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dc.contributor.authorLawrence, Monica
dc.identifier.citationLawrence, Monica (2018, November) Contextualising acute coronary syndrome standards and guidelines for Aboriginal people residing in Central Australian and Top End Aboriginal communities. Paper presented at 'HDR Student conference', Flinders University, Bedford Park.en
dc.descriptionThis abstract was prepared for the inaugural 'HDR Student Conference', Flinders University, November 2018. Copyright © the author
dc.description.abstractIntroduction: The National Heart Foundation of Australia and Cardiac Society of Australia and New Zealand: Australian Clinical Guidelines for the Management of Acute Coronary Syndrome 2016 (in consultation with the Australian and New Zealand Society of Cardiac and Thoracic Surgeons) provide guidelines for the management of myocardial revascularisation. In addition, the European System for Cardiac Operative Risk Evaluation (euroSCORE I and II) are models used to calculate risk of mortality 30 days post cardiac surgery. The euroSCORE I and II have been validated for European, Japanese and North American populations; however, they have not been validated for Aboriginal and Torres Strait Islander populations and there is still much debate on whether they can be attributed to this, and other Indigenous populations. This study aims to explore the contextual factors (barriers and enablers) informing the guidelines for cardiac surgery and revascularisation for Aboriginal and Torres Strait Islander people residing in central Australian and Top End Northern Territory communities. Subsequently, recommendations will be put forward for culturally effective cardiac pathways of care. Methodology: This study uses an Indigenous research methodology, through the lens of the Essential Service Standards for Equitable National Cardiovascular Care (ESSENCE) framework, to better understand Aboriginal world views and experiences of cardiac surgery. Data collection: Semi-structured and/or open-ended questions will be posed 30-90 days post-discharge from Flinders Medical Centre and used to elicit free flowing narratives and storytelling once the participant is back residing in their community. Analysis: Indigenous narrative analysis, by means of storytelling, will be used to develop themes and codes for the purpose of identifying "experience" commonalities and distinctions and mapped to relevant acute coronary syndrome (ACS) and revascularisation standards and guidelines. Conclusion: The practical outcomes of the proposed study will identify cultural service gaps to make recommendations aligned to revised recommendations for new ACS and revascularisation standards, guidelines and care pathways for Aboriginal and Torres Strait Islander populations.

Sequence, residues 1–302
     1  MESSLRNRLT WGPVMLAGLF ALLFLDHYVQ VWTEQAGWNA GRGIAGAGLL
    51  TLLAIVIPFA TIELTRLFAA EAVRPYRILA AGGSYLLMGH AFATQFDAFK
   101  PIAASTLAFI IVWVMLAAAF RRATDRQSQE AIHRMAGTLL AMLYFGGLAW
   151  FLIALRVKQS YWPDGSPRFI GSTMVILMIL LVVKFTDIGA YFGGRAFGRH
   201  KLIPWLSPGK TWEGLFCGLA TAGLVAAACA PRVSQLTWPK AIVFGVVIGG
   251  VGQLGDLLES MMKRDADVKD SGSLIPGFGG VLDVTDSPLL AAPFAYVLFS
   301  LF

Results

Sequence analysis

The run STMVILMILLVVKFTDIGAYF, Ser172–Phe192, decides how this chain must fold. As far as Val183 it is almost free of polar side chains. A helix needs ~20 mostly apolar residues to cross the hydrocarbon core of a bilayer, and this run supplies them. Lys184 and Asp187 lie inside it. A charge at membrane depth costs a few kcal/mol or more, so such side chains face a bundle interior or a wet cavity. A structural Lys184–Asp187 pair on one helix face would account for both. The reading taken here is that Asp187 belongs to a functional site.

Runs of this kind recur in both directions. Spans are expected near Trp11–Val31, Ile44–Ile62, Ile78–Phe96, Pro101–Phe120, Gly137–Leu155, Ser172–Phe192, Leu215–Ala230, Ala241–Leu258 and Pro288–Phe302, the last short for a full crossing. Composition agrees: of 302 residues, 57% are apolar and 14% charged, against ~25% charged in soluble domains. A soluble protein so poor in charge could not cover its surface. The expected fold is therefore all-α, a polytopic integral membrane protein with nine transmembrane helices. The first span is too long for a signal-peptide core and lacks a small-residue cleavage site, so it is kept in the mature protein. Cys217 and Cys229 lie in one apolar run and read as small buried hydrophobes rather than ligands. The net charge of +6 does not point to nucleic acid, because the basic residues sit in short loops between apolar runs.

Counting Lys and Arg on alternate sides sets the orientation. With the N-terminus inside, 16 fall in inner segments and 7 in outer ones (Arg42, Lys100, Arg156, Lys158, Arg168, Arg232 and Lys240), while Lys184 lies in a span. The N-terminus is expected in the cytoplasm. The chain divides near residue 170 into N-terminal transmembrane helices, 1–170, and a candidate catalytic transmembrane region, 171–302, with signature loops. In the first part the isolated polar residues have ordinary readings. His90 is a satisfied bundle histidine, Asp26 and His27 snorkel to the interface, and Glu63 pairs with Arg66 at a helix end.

dc.publisherFlinders Universityen
dc.rightsCopyright © 2018 the author. All rights reserved.en
dc.subjectcardiac surgeryen
dc.subjectAboriginal and Torres Strait Islander peopleen
dc.subjectacute coronary syndromeen
dc.subjectIndigenous narrative analysisen
dc.titleContextualising acute coronary syndrome standards and guidelines for Aboriginal people residing in Central Australian and Top End Aboriginal communities.en
dc.rights.holderThe authoren

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